I had my first go at using GDB for stepping through Zig code and was pleasantly surprised with it being fairly seamless. There’s a relevant file src/ in the repo, but GDB works fine on Zig code without it.

For example:

./zig test ../lib/std/zig/parser_test.zig -femit-bin=parser_test
gdb parser-test
(gdb) b parser_test.zig:3146
(gdb) b render.zig:1009
(gdb) disable 2
(gdb) r zig

I’m not sure if there’s a way to add breakpoints on Zig tests or struct functions other than with line number. I was also unable to call struct functions from within GDB, but this isn’t a big deal to me.

Another difference with C is that arrays are stored as a struct so that their length is always available, and the regular array can be accessed with the ‘ptr’ field:

(gdb) p token_tags
$1 = {ptr = 0x2e0124 <fixed_buffer_mem+292>, len = 22}

I also learned of the GDB ‘printf’ command!


This time I’ve been hanging out on IRC ( rather than Discord. This has its pros and cons - there’s less functionality (e.g. formatting, reactions) but it’s more lightweight and I don’t have to worry about which room to use!

Everyone has continued to be very welcoming and helpful, especially Andrew who takes the time to welcome and encourage anyone who comes along (I first noticed this on his streams, which has encouraged me to get involved).

The community has quite a different feel to the Python community, which is the open source community I’ve had the most involvement in. This is no surprise given the difference in size/popularity/age, but I find it quite refreshing.

I particularly enjoyed:

Me: Hey andrewrk I've been working on a fix for and have just managed to get it working [...]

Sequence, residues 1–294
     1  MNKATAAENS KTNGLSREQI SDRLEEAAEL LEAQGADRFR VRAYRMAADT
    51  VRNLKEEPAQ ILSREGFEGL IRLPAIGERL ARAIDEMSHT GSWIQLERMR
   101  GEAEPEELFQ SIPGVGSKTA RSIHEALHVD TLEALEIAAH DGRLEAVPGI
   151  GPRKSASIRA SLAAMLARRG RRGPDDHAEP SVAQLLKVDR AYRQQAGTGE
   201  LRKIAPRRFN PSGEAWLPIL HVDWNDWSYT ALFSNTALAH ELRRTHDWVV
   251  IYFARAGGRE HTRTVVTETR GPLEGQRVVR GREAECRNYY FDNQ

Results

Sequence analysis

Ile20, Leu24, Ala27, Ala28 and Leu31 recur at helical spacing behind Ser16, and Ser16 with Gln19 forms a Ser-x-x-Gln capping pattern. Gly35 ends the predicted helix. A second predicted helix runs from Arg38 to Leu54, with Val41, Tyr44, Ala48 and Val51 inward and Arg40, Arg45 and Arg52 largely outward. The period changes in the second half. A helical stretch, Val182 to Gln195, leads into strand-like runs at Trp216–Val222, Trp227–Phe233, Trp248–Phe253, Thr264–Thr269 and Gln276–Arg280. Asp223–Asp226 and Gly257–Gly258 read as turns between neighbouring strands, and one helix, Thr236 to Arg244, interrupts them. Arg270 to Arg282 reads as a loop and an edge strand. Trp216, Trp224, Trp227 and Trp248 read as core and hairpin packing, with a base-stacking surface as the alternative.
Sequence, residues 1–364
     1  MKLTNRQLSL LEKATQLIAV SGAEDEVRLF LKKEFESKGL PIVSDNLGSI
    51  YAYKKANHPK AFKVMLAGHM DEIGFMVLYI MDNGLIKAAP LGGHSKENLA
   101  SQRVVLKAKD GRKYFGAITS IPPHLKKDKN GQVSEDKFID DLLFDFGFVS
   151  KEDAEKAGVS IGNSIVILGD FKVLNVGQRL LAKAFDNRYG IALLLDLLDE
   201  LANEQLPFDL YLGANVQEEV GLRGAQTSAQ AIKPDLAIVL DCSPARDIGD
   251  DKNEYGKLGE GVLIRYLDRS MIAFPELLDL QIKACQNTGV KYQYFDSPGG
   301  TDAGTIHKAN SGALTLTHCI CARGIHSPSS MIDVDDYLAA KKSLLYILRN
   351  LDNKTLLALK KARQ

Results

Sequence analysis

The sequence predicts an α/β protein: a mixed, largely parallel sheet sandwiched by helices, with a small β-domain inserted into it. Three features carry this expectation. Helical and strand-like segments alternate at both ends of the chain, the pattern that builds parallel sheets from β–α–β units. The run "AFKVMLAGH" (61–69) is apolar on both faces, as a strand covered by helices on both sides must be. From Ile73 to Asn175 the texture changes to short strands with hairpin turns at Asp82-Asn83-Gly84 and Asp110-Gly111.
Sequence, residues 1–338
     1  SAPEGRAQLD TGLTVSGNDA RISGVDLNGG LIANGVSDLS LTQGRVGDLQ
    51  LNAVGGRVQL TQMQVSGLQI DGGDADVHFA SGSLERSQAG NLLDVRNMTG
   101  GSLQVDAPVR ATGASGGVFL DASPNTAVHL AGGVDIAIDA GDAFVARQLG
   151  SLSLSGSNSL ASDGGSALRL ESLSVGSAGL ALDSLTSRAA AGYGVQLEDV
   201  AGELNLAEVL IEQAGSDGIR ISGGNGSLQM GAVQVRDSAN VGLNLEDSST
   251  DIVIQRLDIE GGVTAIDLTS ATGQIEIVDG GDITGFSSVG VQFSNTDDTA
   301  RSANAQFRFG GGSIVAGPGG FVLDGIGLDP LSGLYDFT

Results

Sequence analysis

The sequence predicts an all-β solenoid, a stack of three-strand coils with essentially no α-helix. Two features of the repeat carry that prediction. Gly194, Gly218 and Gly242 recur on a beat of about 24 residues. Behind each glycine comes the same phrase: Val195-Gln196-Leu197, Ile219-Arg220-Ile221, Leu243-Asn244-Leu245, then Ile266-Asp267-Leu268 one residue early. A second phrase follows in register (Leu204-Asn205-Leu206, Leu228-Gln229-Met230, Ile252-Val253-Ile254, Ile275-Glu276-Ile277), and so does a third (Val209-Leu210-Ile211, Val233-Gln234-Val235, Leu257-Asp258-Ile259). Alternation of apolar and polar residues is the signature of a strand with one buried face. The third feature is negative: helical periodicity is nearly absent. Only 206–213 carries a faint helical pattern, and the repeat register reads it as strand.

Andrew: nice work LewisGaul - give me a few minutes to solve this other issue and then I'll send a code review your way :)

Two minutes later I had another contributor (core dev?) taking a look anyway!

This is in stark contrast to the experience I’ve had with Python when running EnHackathon, and as can be seen by a comparison of open PRs: 1400 for CPython, 35 for Zig! This is less due to lack of development on Zig, and more due to the sheer volume of stale PRs in the CPython project (which is an acknowledged issue).

Closing Remarks

As with getting involved on any sizable project, it took a bit of head-scratching to find a solution to the problem at hand, at the same time grappling with new tools and workflows. However, I believe in the value of trying new things and getting a wide range of experience, and I personally find it quite rewarding.

My PR hasn’t been reviewed or merged yet, but I’m confident it will be soon. I’ll probably do a bit more user-land stuff with Zig next, but I will keep my eyes open for other core contributions that look appealing. I’m still feeling pretty positive about the language and I’m excited about its future!

Bonus Trivia

A quote from Andrew Kelley I liked, in response to “there’s such a thing as ‘while else’?”, illustrating consistency in the language:

“while and if are the same thing except a while’s body loops”

Comments are currently closed